Accounting for wellbeing

Apr 30th, 2014

Janet Harron

Branch
Accounting for wellbeing

The field of economics explores how societies distribute and produce goods and services.  But it’s not all about interest rates, business cycles and the cost of production. 

Economist Doug May studies wellbeing. As a member of the Canadian Research Advisory Group he helped develop the first Canadian Index of Wellbeing. And as director of concept development for the system of Community Accounts (SCA) for the Government of Newfoundland and Labrador, he’s spearheading the best ways to measure what’s important to communities.

The System of Community Accounts provides data for about 400 communities and 220 neighbourhoods in Newfoundland and Labrador. Data is organized within a wellbeing framework that reflects social and economic aspects of people’s lives in their communities and how that contributes to individual and community well-being.

“The accounts have resonated with residents because they provide measurements on factors upon which they have expert knowledge, It is the perfect merge of subject matter knowledge and numbers to describe communities,” said Dr. May adding that the SCA has made data intuitive and meaningful to communities across the province.

The SCA are comprised of two major components: the Production Accounts and the Well-being Accounts.  Dr. May explains that, while the two components are linked, the former accounts are “secondary” to the latter since economic activities in terms of production is meant to contribute to the increase in societal well-being.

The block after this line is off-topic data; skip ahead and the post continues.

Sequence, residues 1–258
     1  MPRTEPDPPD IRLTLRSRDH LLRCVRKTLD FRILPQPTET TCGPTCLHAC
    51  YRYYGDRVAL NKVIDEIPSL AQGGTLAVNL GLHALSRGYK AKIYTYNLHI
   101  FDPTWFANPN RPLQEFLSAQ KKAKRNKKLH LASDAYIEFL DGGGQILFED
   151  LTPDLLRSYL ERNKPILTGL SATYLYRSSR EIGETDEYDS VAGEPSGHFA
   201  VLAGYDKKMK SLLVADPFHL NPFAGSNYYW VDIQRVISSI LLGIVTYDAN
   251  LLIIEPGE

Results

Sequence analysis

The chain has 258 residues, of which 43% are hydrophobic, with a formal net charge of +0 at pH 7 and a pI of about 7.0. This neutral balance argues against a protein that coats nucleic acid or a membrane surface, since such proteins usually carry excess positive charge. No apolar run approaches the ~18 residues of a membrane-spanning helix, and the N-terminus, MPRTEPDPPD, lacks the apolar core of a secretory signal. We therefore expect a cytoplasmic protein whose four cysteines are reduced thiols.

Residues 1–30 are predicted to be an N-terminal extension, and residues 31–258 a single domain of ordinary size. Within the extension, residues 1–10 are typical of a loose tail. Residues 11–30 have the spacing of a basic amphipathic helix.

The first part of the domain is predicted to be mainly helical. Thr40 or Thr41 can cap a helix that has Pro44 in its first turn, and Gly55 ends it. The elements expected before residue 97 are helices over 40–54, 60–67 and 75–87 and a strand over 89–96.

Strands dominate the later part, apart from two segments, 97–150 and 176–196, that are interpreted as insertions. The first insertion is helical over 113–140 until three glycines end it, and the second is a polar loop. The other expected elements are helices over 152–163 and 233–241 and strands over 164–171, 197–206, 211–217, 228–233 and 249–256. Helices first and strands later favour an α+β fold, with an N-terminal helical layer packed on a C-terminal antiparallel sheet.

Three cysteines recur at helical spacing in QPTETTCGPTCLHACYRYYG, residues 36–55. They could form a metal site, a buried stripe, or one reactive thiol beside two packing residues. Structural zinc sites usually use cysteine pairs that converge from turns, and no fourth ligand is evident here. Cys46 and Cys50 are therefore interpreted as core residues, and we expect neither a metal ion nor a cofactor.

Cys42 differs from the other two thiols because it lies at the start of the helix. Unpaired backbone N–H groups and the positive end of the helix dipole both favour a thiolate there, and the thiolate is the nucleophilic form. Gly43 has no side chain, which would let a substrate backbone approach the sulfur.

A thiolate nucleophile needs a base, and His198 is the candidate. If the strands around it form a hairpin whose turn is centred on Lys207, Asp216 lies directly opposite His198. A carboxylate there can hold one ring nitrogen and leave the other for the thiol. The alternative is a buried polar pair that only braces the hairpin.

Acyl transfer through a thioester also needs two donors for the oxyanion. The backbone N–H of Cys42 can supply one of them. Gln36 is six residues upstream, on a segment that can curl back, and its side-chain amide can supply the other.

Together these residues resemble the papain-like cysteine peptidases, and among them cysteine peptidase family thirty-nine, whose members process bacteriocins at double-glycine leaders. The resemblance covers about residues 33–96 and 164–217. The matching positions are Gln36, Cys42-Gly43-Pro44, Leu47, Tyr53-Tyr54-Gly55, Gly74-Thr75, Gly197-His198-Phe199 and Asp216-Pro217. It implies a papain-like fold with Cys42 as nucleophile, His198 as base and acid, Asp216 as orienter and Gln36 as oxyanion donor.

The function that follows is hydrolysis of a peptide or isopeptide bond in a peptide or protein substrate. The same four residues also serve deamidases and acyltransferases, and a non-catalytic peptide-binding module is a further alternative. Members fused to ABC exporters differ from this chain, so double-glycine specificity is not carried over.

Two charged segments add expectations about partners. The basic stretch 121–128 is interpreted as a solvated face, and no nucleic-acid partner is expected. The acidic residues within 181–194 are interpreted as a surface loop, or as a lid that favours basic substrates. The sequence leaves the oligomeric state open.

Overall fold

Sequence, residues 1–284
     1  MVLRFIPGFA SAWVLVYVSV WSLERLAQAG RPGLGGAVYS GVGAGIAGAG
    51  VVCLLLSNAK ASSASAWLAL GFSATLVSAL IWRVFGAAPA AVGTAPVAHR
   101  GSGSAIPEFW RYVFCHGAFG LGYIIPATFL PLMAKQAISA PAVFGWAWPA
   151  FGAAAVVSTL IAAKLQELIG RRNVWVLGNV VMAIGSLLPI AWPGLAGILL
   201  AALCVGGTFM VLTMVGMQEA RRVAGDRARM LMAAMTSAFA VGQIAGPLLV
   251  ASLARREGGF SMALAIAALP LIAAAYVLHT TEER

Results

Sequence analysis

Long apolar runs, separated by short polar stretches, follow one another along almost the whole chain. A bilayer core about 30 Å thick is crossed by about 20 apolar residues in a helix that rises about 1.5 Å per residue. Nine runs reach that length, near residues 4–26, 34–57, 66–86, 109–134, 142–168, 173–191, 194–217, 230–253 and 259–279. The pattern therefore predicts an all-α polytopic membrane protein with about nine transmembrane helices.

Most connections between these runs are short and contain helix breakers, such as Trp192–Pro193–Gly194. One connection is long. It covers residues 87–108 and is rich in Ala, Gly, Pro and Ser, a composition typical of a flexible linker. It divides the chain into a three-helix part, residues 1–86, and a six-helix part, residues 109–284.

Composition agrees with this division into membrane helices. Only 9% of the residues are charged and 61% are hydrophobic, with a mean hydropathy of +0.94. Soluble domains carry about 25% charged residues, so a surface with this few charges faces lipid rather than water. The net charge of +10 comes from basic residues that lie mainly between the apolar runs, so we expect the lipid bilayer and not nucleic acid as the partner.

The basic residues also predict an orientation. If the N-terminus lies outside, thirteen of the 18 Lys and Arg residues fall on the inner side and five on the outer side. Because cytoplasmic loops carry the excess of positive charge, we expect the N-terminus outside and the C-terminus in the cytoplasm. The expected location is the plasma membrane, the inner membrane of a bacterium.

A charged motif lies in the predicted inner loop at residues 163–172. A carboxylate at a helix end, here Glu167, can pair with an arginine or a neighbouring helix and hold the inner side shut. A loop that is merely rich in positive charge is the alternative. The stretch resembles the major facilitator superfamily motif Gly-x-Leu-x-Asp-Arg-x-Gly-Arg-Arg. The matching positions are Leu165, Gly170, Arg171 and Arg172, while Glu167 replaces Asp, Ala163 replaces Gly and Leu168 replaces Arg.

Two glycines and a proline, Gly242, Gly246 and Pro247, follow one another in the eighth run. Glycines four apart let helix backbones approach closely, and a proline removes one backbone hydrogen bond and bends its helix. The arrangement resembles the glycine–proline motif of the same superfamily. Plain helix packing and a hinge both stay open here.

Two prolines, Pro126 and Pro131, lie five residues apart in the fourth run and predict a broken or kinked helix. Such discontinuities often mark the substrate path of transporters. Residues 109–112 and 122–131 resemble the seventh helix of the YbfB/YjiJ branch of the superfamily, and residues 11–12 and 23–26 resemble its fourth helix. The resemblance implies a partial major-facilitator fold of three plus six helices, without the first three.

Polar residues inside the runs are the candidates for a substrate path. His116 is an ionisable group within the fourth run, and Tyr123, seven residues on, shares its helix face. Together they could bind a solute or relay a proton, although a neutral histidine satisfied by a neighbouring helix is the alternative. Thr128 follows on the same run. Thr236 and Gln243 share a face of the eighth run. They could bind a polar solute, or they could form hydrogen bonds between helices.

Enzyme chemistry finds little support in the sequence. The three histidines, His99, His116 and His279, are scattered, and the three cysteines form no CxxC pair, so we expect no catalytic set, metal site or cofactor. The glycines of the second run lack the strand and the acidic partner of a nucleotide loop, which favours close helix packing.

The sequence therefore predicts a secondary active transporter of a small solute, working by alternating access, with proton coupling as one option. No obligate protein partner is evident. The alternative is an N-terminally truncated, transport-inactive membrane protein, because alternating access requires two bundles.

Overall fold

Rural communities face the unique challenges around sustainability as development in modern economies is determined by industrialization and urbanization.  However, cultural tourism is a strategy that has proved popular in providing opportunities to keep workers and businesses from leaving such communities.

Incorporating cultural tourism into the SCA required enlisting a prototype community to gather data.

“Anne St. Croix, a friend of mine who is interested in cultural tourism, introduced me to Michael Mooney who was the Economic Director of Avalon Gateway Economic Zone (18). Michael suggested the community he was from, Branch, as the prototype,” said Dr. May.

Branch’s then-mayor Priscilla Corcoran Mooney was approached and work began on the project with help from Anne St. Croix, Michael Mooney and Kelly Power (who then worked for the town and is the current mayor).  The result of the partnership is www.culturalheritageresources.ca, a website composed of photos, videos and personal stories. This site has allowed the community to assume “ownership” of the content and responsibility for it and also provides information for Dr. May to draw upon for SCA.

The true nature of the partnership was revealed to Dr. May by how Branch’s citizens viewed their cultural assets.

“They wanted to record and preserve these assets not only for themselves but also for their children and those former residents who were still alive, but who no longer lived in the community,” he said.  Dr. May goes on to explain that this realization has important implications within the Wellbeing Accounts and for conceptual work that is now ongoing in social accounting led by organizations such as the Organization for Economic Co-operation and Development (OECD) and by countries such as Australia, the UK, France and Germany. 

Dr. May foresees future benefits for Branch including an increase in cultural tourism and increased well-being to anyone interested in the unique cultural and heritage aspects of the town. He has since expanded on the project with a similar website for the community of Tilting on Fogo Island.

 

 

 

 

Contact

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Tel: (709) 864-8000